The Future of English Studies: Conference Report I

A Guest Post by Professor Fraser Easton.

As the Chair of an English Department that I think has quite a bit to offer when it comes to the question of the future of our discipline, I was delighted to be able to speak about what my colleagues are doing at an international conference in Kolding, Denmark, last month on “The Future of English Studies.”

The conference held a few surprises for me. First of all, it was a conference on English Studies held in a non-English speaking country (well, not really: all Danes seem to be able to speak excellent English; still, the first language is Danish, and most media is in Danish, with some Swedish, Norwegian or German language channels). This meant that English Studies was viewed in an international framework, and not only in terms of the global spread of English Literature. Issues in linguistics, ESL, and English as a Lingua Franca (for which there is even a journal) were among the hotter topics. So all in all it was a nice decentering of some of the normative assumptions one makes about the focus of the study of English in an English-speaking context—that, for example, the study of national literatures, particularly our own, should be central.

The next pleasant surprise was a talk by Dr. Janette Ryan on “Internationalising teaching and learning: Making room for other knowledge, language and academic values.”  The talk spoke directly to the challenges international students face when English-speaking institutions are happy to charge them higher fees, and then leave them to sort out all sorts of hidden assumptions about the classroom, curriculum, and even the nature of English competency (what Dr. Ryan calls “A ‘native speaker norm’ [that] exercises tacit power in pedagogy and assessment”).  It was particularly fascinating to learn that Dr. Ryan had taken a university degree in China, is fluent in Mandarin, and can speak convincingly about the nature of Chinese and Western educational assumptions.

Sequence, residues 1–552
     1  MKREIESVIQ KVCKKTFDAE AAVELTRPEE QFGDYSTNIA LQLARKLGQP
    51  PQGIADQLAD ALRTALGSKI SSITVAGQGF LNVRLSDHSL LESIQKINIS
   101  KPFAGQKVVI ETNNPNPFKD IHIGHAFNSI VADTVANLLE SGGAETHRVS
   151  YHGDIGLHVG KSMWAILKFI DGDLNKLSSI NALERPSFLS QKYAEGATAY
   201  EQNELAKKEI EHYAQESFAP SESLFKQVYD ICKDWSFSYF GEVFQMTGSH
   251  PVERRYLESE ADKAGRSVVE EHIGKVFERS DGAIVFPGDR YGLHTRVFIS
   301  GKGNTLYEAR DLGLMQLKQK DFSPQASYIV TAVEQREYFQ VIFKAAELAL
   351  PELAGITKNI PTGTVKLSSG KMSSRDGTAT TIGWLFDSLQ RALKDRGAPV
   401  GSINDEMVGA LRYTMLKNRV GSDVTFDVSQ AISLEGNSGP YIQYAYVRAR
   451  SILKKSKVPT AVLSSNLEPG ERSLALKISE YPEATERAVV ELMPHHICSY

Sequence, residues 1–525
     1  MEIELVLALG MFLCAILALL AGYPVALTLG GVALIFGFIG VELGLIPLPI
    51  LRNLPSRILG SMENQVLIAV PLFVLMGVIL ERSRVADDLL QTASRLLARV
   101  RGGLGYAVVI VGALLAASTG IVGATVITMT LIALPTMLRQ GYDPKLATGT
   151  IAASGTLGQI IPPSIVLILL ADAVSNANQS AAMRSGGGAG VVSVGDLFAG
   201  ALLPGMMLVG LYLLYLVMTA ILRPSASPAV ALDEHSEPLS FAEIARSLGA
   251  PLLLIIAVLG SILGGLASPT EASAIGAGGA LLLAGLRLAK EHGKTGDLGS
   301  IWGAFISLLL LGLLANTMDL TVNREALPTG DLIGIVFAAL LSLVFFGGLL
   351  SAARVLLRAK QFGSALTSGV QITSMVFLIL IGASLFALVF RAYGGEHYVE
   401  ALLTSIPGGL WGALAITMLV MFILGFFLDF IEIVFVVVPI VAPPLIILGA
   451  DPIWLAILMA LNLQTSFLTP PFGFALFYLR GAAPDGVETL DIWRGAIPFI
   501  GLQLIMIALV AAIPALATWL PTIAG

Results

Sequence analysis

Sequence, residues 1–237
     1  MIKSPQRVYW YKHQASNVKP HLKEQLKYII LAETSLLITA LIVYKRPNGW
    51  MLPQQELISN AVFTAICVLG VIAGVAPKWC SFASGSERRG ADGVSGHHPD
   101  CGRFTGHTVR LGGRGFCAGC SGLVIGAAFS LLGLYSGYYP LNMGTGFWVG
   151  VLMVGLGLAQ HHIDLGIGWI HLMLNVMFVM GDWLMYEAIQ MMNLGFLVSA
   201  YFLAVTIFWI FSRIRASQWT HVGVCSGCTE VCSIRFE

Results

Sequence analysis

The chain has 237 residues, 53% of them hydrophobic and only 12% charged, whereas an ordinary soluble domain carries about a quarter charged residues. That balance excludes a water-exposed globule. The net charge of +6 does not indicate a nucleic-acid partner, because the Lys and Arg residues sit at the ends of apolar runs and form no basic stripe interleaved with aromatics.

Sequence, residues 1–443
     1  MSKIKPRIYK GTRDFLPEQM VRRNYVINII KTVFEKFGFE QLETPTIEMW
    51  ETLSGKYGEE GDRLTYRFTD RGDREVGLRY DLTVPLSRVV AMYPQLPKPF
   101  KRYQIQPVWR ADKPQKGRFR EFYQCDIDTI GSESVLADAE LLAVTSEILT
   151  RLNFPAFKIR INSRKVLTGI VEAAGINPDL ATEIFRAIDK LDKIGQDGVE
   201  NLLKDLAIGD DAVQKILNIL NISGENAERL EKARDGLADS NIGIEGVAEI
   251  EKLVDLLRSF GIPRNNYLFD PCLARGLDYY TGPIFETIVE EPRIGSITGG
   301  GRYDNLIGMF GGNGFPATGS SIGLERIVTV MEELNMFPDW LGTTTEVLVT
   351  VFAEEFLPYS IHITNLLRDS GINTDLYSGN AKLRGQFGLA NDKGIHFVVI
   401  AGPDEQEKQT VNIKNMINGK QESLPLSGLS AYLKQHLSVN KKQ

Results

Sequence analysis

Another wonderful surprise—although it shouldn’t have been—was the talk given by my colleague Sarah Tolmie on “Poem/Design: Translating Piers Plowman into Virtual Reality.” I have known about Sarah’s Virtual Reality, Critical Media Lab-inspired project for some time, but this was the first time I had heard her speak about it.  The effect on the audience was electric: to take Langland’s poem, digitize it into a virtual realm, and then to use that as a way to test the theories of embodiment that are in part the subject of this dream vision was intellectually provocative and exciting. That Sarah was able to show the VR in action was all the more “immersive” for her academic audience.

My talk was titled “The English Department of the Future,” and there was a really bad photo taken of me as I was giving it. No, I didn’t talk with my eyes closed: I was just looking down when someone snapped the shot!

On a personal note, I got to stay in an eighteenth-century warehouse in Copenhagen that is now a hotel on my way back from Kolding. On the way to Kolding I got to speak with a PR rep for LEGO, which is based a few miles away from Kolding in Billund, and ask lots of questions on behalf of my eight-year-old son.

Your blog admin speaking now: Come back tomorrow to read a post by Professor Sarah Tolmie about her experience of the same conference. Such fun this academic tourism thing.


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